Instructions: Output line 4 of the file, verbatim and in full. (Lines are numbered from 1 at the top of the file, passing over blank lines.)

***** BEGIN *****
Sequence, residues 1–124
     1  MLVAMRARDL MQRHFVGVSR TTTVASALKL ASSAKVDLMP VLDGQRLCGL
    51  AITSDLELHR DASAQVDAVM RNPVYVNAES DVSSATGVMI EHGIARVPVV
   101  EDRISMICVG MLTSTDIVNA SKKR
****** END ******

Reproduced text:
   101  EDRISMICVG MLTSTDIVNA SKKR